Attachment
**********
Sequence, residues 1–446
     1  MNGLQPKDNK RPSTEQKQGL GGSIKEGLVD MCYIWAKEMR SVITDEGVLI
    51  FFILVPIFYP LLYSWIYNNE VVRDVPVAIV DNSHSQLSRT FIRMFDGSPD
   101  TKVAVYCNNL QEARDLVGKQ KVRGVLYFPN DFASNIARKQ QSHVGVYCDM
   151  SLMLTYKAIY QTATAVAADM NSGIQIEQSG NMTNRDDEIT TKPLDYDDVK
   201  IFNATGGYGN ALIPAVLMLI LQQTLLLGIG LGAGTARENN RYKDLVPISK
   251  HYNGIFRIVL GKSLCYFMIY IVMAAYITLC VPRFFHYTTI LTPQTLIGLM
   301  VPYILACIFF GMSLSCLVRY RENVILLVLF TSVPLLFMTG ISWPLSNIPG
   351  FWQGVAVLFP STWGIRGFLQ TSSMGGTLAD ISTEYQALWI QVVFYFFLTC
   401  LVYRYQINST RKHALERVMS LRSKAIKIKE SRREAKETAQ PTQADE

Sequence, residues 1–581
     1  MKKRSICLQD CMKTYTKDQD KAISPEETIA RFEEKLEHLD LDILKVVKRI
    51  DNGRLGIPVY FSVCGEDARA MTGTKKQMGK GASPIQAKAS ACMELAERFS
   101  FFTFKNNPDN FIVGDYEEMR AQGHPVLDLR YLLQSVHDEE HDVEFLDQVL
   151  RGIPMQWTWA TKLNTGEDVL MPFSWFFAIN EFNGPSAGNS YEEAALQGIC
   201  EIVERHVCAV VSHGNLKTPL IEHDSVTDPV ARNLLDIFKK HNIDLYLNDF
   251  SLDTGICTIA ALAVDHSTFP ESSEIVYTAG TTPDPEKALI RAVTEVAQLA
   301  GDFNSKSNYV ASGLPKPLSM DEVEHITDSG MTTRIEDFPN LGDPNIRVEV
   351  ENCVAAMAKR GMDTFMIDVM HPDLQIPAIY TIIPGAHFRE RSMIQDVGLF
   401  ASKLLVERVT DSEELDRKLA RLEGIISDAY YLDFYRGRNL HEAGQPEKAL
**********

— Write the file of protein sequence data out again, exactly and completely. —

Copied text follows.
Sequence, residues 1–446
     1  MNGLQPKDNK RPSTEQKQGL GGSIKEGLVD MCYIWAKEMR SVITDEGVLI
    51  FFILVPIFYP LLYSWIYNNE VVRDVPVAIV DNSHSQLSRT FIRMFDGSPD
   101  TKVAVYCNNL QEARDLVGKQ KVRGVLYFPN DFASNIARKQ QSHVGVYCDM
   151  SLMLTYKAIY QTATAVAADM NSGIQIEQSG NMTNRDDEIT TKPLDYDDVK
   201  IFNATGGYGN ALIPAVLMLI LQQTLLLGIG LGAGTARENN RYKDLVPISK
   251  HYNGIFRIVL GKSLCYFMIY IVMAAYITLC VPRFFHYTTI LTPQTLIGLM
   301  VPYILACIFF GMSLSCLVRY RENVILLVLF TSVPLLFMTG ISWPLSNIPG
   351  FWQGVAVLFP STWGIRGFLQ TSSMGGTLAD ISTEYQALWI QVVFYFFLTC
   401  LVYRYQINST RKHALERVMS LRSKAIKIKE SRREAKETAQ PTQADE

Sequence, residues 1–581
     1  MKKRSICLQD CMKTYTKDQD KAISPEETIA RFEEKLEHLD LDILKVVKRI
    51  DNGRLGIPVY FSVCGEDARA MTGTKKQMGK GASPIQAKAS ACMELAERFS
   101  FFTFKNNPDN FIVGDYEEMR AQGHPVLDLR YLLQSVHDEE HDVEFLDQVL
   151  RGIPMQWTWA TKLNTGEDVL MPFSWFFAIN EFNGPSAGNS YEEAALQGIC
   201  EIVERHVCAV VSHGNLKTPL IEHDSVTDPV ARNLLDIFKK HNIDLYLNDF
   251  SLDTGICTIA ALAVDHSTFP ESSEIVYTAG TTPDPEKALI RAVTEVAQLA
   301  GDFNSKSNYV ASGLPKPLSM DEVEHITDSG MTTRIEDFPN LGDPNIRVEV
   351  ENCVAAMAKR GMDTFMIDVM HPDLQIPAIY TIIPGAHFRE RSMIQDVGLF
   401  ASKLLVERVT DSEELDRKLA RLEGIISDAY YLDFYRGRNL HEAGQPEKAL